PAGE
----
As with the Lombards and Jews, Philip first started rumors to destroy the Knights Templars’ reputation, including that great tool of character assassination still popular today, “homosexual acts.” He ordered the arrest of all the Knights in Paris. Original arrest orders, which can be seen in the National Archives of France, include charges of deviant behavior during initiations, financial corruption, idolatry [worshipping a cat], and heresy; 104 charges in all. Within two weeks, under that great Christian tradition of torture, they confessed, and Philip prepared to relieve himself of debt by relieving the knights of their Paris holdings.
However, charges of heresy trigger an automatic Papal Inquiry. As recently as 2002, Vatican Historian Barbara Frale finally located the “Chinon Parchment,” named after Chinon prison where the Knights were held. It recounts the findings of the three cardinals who conducted the Inquiry. The Initiation rites, as established at Troye Temple in France, were a pledge to be a serf & slave to the House forever. If a Knight consorted with women, he was warned, he would be put in chains. However, the Knights now confessed to a 2nd secrete rite, during which they denounced Christ, and spit on a crucifix. However, Pope Boniface, in a move that now seems prescient, absolved the Knights Templar. He stated that the second rite was actually a sort of “SERE” training, stating Knights needed to demonstrate their abilities to do these things, in order to survive capture by Infidels.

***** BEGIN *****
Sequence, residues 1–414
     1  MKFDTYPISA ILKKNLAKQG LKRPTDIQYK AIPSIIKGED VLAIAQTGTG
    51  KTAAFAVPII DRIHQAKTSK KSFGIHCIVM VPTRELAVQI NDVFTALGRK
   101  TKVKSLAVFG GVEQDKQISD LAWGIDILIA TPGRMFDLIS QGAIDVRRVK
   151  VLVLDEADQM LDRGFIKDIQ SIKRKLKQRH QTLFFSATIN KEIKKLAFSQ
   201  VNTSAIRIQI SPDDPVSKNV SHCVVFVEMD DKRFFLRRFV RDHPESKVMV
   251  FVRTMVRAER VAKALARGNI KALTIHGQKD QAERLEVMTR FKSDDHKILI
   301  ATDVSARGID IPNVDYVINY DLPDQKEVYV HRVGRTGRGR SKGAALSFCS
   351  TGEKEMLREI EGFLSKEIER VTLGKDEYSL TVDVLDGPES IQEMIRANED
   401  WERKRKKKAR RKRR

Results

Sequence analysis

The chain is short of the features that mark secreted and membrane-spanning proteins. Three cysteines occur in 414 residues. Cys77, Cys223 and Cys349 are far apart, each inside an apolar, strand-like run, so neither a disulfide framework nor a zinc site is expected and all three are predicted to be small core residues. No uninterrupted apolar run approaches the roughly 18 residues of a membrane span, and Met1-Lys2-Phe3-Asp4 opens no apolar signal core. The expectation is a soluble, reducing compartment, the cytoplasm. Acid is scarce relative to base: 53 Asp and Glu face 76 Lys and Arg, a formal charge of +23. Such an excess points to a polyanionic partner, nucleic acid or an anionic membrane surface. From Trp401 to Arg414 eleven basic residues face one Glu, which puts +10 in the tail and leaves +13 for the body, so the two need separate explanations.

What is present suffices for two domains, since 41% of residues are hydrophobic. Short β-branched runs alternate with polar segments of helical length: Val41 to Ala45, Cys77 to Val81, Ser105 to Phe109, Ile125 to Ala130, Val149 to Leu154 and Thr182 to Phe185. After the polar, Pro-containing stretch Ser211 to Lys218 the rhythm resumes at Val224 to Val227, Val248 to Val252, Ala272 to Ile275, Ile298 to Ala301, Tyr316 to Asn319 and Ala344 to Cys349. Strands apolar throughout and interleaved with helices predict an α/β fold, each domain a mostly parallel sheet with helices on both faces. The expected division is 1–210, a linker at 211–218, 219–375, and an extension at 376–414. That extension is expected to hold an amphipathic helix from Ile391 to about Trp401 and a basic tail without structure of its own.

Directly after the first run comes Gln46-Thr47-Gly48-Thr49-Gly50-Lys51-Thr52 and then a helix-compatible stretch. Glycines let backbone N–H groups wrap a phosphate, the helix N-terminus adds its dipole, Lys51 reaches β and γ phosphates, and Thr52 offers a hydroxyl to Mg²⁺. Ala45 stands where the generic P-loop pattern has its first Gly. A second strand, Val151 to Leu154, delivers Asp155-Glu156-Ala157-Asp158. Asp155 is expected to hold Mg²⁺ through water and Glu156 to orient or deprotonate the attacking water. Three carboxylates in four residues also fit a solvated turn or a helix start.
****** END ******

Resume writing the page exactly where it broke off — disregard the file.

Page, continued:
The Knights were now absolved from from all sin. But Philip played his trump card, 200 years before Henry VIII, and threatened to form a separate Church of France. The Pope gave in. Just enough malfeasance was found among 20,000 Knights Templar members, such as odd charges of worshipping Venus and Aphrodite, and even the worship of a severed head. The Knights were finally dissolved in 1312, and eventually folded into the Knights Hospitaller.